Senator YARBOROUGH. Our next witness is Mr. Dixon Christian, colegislative director, Paralyzed Veterans of America.



Mr. CHRISTIAN. Thank you, Mr. Chairman.

Senator YARBOROUGH. Before you proceed, Mr. Christian, we have one other witness after you and I think-I understand that people out in the halls are interested in this question. As soon as we finish with the present witnesses, if some of you other witnesses wish to testify, we shall be glad to hear you. I have canceled my luncheon engagement and will stay here to hear all of these witnesses.

Also, if you other gentlemen wish to testify, I shall stay for that testimony.

Mr. CHRISTIAN. Mr. Chairman, I am here, really, as an assistant to Mr. Harry Schweikert, who is executive secretary of the Paralyzed Veterans of America. He asked me to come here and testify for him.

Mr. Chairman, members of the committee, the Paralyzed Veterans of America is composed of veterans afflicted with spinal cord injuries and diseases resulting in total paralysis from the point of injury down. It was created in 1946 for the specific purpose of improving liring conditions for its members and other persons afflicted with similar disabilities. Among our primary programs are (1) education of the public in the prevention of spinal cord injury; (2) improved methods of treatment; care and training, and (3) increased research in spinal cord regeneration. Because our immediate interest here is centered in the latter, I would like to speak first on the bill H.R. 203.

Through the years there have been many educated guesses at the number of persons in the United States afflicted with spinal cord injury. Until recently, however, no private agency or Federal department had substantiated these figures. Recently the National Paraplegia Foundation, supported by a grant from the Office of Vocational Administration and the PVA, concluded a three-State pilot program in this area.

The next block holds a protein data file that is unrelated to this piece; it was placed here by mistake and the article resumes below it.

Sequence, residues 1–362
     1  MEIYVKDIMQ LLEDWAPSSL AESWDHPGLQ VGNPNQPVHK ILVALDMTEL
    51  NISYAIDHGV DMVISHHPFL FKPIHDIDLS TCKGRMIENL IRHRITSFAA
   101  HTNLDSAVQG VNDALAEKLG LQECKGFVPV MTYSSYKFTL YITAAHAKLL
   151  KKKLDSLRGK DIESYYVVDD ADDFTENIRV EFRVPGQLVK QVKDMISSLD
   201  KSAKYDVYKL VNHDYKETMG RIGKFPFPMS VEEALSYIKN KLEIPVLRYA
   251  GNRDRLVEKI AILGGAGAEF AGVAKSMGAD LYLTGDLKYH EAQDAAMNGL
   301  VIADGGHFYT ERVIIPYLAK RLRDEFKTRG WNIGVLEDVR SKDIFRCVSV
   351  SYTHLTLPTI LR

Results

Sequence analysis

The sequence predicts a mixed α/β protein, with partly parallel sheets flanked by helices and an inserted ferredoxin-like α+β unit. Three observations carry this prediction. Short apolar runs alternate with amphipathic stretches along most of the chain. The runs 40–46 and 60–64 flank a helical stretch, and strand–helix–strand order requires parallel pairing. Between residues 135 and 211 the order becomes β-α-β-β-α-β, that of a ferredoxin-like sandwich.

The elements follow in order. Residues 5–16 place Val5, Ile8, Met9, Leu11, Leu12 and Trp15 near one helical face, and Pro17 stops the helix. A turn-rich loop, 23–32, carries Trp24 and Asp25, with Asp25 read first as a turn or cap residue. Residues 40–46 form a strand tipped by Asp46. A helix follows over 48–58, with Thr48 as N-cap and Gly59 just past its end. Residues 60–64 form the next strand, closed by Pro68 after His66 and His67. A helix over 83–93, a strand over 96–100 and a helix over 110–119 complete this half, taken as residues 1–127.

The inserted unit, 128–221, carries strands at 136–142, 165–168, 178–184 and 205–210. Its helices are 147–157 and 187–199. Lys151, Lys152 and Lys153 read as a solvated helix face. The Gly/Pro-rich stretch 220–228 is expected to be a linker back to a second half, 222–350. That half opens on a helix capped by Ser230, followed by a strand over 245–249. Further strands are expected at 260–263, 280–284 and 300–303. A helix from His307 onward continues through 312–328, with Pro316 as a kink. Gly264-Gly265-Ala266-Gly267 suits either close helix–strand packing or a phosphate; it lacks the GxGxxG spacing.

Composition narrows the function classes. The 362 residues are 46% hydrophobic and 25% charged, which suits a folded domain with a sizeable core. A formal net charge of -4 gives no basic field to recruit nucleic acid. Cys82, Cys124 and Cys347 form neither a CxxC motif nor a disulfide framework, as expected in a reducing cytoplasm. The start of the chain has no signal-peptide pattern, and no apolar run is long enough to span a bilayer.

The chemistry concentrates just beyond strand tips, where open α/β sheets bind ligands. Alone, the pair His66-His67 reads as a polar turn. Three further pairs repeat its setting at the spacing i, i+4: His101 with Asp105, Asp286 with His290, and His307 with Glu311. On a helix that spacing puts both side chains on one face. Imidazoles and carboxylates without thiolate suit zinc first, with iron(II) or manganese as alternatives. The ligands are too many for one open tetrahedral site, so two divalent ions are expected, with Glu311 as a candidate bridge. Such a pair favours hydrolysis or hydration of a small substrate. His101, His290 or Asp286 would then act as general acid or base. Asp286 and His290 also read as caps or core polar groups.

Based on the results of this study, projected figures indicated that about 5 our of every 10,000 adults in the United States suffer from paraplegia or quadriplegia. Using current population figures, this puts their number at approximately 63,000. Estimates of the number of children suffering from spinal cord injuries are even more difficult. The study's findings suggest that the total number of children (18 years and younger) affected amounts to two-thirds of the adult paraplegic population, or 52,210. Allowing for a 20-percent margin of error would place the total range of all persons affected between $4,000 and 126,000.

The incidence of such catastrophic injuries as paraplegia and quadriplegia will, logically, increase greatly in the immediate future because of increased armed conflict, worsening automobile traffic, everpresent industrial accidents, and a new, totally mobile society resulting from increased earnings and more leisure time. Due to quicker and better medical care and the miracle of antibiotics, life expectancy for these severely injured has risen steadily (now almost normal), so that the cumulative paraplegic population, is expanding more rapidly than the rate of incidence.